The sport has languished for years.
Boxing has become an afterthought among many sports fans. Then there are events like Saturday’s that recaptures our attention.
In what could be the most sought after sporting event of the past generation, Floyd Mayweather will square off with Manny Pacquiao Saturday in Las Vegas. It will likely be the highest grossing sporting event of all time with each fighter expected to earn more than $100 million dollars.
But even in such a windfall, the outlook for boxing appears bleak because of the lack of leadership in the sport.
It is the only major sport that doesn’t have a commissioner. Instead it has been dominated by executives and promoters that have only been interested in financial gain.
Consequently, of all of the major sports, boxing is most widely known for corruption. This trend will continue until someone steps in to reign everything in. Consider for a moment that the biggest grossing sport in boxing history nearly never happened after being delayed for a half a decade.
In the time since, the Ultimate Fighting Championship has taken full control of combat sports and has become as visible as any of the top four mainstream sports. For the first time in years a boxing event is transcending past just boxing fans to sports fans.
When it was announced that Mayweather and Pacquiao would fight, it almost too good to be true.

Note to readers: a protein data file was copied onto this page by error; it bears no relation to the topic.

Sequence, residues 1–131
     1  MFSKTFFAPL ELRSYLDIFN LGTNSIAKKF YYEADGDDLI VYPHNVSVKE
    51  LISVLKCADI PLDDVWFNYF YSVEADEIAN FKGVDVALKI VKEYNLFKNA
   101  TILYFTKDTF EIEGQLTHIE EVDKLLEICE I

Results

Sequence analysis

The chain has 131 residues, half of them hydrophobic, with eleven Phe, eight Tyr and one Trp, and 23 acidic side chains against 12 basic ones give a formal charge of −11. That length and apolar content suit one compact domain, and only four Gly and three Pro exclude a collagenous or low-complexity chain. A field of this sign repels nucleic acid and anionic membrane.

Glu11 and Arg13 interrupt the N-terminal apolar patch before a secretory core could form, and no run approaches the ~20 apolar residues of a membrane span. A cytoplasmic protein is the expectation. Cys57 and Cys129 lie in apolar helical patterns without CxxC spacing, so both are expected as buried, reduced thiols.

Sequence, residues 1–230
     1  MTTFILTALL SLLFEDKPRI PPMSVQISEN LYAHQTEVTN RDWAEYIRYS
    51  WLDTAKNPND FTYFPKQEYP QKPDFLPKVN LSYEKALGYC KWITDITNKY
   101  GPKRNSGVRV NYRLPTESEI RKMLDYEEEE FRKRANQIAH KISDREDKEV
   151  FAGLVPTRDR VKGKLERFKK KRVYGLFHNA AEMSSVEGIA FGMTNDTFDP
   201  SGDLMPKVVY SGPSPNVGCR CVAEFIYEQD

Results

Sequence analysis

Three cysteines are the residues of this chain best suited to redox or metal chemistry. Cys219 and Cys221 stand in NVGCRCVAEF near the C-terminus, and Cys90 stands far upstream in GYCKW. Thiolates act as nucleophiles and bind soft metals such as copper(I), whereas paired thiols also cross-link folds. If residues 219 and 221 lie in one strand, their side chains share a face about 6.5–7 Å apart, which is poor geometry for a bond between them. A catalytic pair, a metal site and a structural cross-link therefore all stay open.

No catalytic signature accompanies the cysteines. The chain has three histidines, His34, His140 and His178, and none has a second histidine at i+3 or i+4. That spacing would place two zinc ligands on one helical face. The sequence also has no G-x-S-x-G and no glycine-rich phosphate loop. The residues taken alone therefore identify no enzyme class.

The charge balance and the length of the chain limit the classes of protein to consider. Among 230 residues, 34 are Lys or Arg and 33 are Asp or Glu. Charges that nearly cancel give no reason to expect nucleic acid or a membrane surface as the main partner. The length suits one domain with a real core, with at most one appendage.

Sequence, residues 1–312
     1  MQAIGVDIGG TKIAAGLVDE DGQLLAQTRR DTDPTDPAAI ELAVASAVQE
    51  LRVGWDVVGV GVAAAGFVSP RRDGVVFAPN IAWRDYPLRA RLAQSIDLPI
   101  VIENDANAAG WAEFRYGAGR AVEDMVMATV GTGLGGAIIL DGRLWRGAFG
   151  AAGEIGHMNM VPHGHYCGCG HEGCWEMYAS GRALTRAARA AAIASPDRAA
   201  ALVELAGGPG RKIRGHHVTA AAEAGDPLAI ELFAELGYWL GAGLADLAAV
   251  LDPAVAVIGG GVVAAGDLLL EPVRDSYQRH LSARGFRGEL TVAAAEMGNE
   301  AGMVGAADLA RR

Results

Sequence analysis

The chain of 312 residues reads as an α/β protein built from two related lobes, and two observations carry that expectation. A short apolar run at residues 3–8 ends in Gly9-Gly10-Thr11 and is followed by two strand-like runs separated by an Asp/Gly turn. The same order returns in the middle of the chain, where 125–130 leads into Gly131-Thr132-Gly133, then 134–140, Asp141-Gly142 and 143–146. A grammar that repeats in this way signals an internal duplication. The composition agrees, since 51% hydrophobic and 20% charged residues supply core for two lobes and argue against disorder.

It didn’t take long to see that disagreements would continue and the major issues weren’t solved until last week when tickets were finally released. It was another embarrassment and a reminder that even though the sport has many talented athletes it doesn’t have the right people in control.
In the past executives from HBO or Showtime and promoters from Golden Boy Promotions or Top Rank have decided most of the match-ups. More recently Al Haymon, a guy that no one seems to know much about, is brokering behind the scenes deals.
With this week’s fight the sport has a chance to truly reflect on where it should go from here. Television networks have shown more interest but the sport will only be as strong as its foundation.
If that foundation is corruption, Saturday’s event could be the final time we see boxing take the main stage.
Contact Joseph Hayes at (810) 989-6268 or at email@example.com. Follow him on twitter @jhayes1136.